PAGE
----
And it also helped me appreciate how much work we can do to keep that from being the case forever
Q: So what measures do you think need to be taken in order to restore people of their dignity?
A: We need to start with a recognition that we have biases against older adults. And with an appreciation for the fact that, just because someone has limitations, it doesn’t mean that they don’t have much to give us in the world.
If we start with those two recognitions, and a perspective that we have the opportunity to learn much from others, and all of these challenges that we begin to experience more of as we age, can be both instrumental in our own growth as we age.
But also instrumental in our teaching others about what aging well can look like, that will give our healthcare systems, a starting point to engage in the care of older adults, not as an inconvenience, but as a true opportunity to provide high quality person-centric care. And ultimately, an opportunity to provide the kind of care that we’re going to want when we get older.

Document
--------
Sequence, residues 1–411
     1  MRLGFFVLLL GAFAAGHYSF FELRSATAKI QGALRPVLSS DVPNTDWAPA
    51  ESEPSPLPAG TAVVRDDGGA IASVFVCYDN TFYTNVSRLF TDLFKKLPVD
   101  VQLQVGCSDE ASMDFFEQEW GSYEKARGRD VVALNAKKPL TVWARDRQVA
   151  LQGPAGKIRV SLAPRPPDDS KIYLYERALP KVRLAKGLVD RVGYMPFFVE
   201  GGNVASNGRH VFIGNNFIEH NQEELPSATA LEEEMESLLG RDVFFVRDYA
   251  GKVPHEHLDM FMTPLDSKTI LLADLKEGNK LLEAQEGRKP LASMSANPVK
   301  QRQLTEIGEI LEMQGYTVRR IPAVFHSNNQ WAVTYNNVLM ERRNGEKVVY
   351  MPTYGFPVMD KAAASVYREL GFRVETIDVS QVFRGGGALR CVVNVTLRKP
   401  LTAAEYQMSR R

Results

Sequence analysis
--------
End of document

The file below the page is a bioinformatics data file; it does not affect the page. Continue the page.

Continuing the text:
Q: Yeah. And this is reminding me of a phrase I've heard you use in the past, which is generational cohorting. Can you speak more about this, and what kind of impact this can have on society and subsequently healthcare?
A: We see this in our retirement communities, where there is the 55-up community, or there are these retirement centers, where people often go, where they can go into various levels of care.
And while some of that makes sense, because, people appreciate each other, it doesn’t allow for the rich interconnections that can occur when we learn across generations, when we understand that people who are in their 20s can teach people in their 80s so much. And people in their 80s can teach people in their 20s.